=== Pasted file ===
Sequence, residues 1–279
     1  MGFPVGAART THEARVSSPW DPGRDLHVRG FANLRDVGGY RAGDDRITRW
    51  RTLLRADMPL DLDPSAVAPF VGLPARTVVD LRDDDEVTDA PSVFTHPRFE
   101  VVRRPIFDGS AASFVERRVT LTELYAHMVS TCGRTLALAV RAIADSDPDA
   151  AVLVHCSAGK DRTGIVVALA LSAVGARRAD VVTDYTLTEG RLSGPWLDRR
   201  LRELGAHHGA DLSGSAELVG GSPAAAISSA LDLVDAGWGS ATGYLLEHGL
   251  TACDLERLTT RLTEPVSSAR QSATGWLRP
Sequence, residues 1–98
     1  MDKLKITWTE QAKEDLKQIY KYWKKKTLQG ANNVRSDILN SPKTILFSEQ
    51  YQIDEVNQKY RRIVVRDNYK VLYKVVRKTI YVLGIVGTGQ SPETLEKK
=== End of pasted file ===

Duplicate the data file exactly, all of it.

Sequence, residues 1–279
     1  MGFPVGAART THEARVSSPW DPGRDLHVRG FANLRDVGGY RAGDDRITRW
    51  RTLLRADMPL DLDPSAVAPF VGLPARTVVD LRDDDEVTDA PSVFTHPRFE
   101  VVRRPIFDGS AASFVERRVT LTELYAHMVS TCGRTLALAV RAIADSDPDA
   151  AVLVHCSAGK DRTGIVVALA LSAVGARRAD VVTDYTLTEG RLSGPWLDRR
   201  LRELGAHHGA DLSGSAELVG GSPAAAISSA LDLVDAGWGS ATGYLLEHGL
   251  TACDLERLTT RLTEPVSSAR QSATGWLRP
Sequence, residues 1–98
     1  MDKLKITWTE QAKEDLKQIY KYWKKKTLQG ANNVRSDILN SPKTILFSEQ
    51  YQIDEVNQKY RRIVVRDNYK VLYKVVRKTI YVLGIVGTGQ SPETLEKK